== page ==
Want to Implement Servant Leadership? Here's How


This article first appeared on LinkedIn

If you are a believer in the merits of servant leadership, then the following should be of great interest to you. Coetzer, Bussin, and Geldenhuys (2017) completed a meta-analysis of current servant leadership literature to see if they might be able to identify specific servant leadership characteristics, competencies, measures, and outcomes. Their idea was to be able to provide a framework that would help to operationalize servant leadership and make it practical for organizations.

Below is the list of outcomes identified by the authors from multiple studies they analyzed:

Servant Leadership Outcomes

Individual Level

  • Burnout (-)

  • Work engagement (+)

  • Turnover intention (−)

  • Organizational citizenship behavior (+)

  • Creativity and innovation (+)

  • Organizational commitment (+)

  • Trust (+)

  • Self-efficacy (+)

  • Person job fit and person organizational fit (+)

  • Leader-member exchange (+)

  • Work-life balance (+)

Team Level

  • Team organizational citizenship behavior (+)

  • Group identification (+)

  • Service climate and culture (+)

Organization Level

  • Customer service (+)

  • Sales performance (+)

Notes: (+) = Positive correlation (−) = Negative correlation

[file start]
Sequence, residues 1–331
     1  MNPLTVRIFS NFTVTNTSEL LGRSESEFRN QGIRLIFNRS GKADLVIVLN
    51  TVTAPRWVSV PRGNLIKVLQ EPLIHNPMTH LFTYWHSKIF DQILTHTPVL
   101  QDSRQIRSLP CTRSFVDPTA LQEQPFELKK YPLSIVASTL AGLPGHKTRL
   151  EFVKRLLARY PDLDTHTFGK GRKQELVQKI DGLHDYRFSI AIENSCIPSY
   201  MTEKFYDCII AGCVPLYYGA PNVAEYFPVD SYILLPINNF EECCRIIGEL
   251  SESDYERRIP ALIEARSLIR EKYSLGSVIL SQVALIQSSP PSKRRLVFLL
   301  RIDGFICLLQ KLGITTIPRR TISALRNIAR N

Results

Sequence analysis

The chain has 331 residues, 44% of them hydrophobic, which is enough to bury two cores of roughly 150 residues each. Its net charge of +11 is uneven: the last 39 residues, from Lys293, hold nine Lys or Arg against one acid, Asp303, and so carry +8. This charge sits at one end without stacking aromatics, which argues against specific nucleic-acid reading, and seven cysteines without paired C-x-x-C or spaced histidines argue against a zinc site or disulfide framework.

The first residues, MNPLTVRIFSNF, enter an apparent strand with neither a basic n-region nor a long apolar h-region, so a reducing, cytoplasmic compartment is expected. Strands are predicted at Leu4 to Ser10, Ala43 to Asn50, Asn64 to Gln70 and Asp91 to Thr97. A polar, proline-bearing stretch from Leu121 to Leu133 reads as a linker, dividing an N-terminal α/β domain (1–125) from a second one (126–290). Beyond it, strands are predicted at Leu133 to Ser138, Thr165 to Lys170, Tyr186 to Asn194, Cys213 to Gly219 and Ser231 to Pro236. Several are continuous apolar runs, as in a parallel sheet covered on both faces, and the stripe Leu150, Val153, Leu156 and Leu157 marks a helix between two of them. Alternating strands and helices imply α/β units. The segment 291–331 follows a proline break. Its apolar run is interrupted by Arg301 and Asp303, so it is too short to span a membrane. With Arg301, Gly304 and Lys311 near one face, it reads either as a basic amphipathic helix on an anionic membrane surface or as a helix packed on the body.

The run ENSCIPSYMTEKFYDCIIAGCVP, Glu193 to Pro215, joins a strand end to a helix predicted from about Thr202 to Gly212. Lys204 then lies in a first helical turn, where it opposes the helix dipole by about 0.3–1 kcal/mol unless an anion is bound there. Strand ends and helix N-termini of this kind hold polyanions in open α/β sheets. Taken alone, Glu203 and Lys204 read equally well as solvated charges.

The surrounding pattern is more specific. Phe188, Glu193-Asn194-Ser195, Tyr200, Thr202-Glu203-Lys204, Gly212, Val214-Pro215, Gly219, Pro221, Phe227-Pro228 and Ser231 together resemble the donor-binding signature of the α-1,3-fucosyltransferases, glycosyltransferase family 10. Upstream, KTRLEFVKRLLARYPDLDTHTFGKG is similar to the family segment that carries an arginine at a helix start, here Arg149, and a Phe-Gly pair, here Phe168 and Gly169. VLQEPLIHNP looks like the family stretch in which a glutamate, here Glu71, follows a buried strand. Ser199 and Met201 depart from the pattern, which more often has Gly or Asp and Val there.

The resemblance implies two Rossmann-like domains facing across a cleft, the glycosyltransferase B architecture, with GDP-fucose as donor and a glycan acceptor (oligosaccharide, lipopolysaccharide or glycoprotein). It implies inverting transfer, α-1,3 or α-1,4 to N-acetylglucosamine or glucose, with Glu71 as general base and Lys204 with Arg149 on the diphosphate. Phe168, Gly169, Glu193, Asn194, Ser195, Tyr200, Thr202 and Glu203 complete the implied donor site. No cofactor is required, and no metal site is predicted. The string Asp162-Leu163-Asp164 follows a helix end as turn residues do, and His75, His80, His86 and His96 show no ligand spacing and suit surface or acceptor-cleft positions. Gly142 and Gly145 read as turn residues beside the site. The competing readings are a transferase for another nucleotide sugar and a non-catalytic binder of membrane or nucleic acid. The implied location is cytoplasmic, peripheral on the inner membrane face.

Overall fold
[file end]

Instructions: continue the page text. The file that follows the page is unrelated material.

Please note that the + and - signs above indicate either a positive or negative correlation between the term(s) and servant leadership.

Additionally, the authors created a table of the functions of a servant leader. As you can see, they divided the performance areas into two sections: strategic servant leadership and operational servant leadership. They identified four functions of servant leaders and included objectives, characteristics, and competencies for each function.

So, if you are looking to implement servant leadership in your organization, you can choose to either start with a strategic or operational approach. Once you've chosen the approach, then all that is needed is to focus on the first function for that section, If it is to align, care for, and grow talent, as an example, then one could start by helping to either build or improve the competencies listed - in this case building relationships and empowerment. Training could start with describing the objectives and then focus on the two characteristics, listening and compassion, to help build/improve the skills.

Reference:

Coetzer, C.F., Bussin, M., & Geldenhuys, M. (2017). The functions of a servant leader. Administrative Sciences, 7(5). doi: 10.3390/admsci7010005.

Coetzer, C.F., Bussin, M., & Geldenhuys, M. (2017). The functions of a servant leader. Administrative Sciences, 7(5). doi: 10.3390/admsci7010005.


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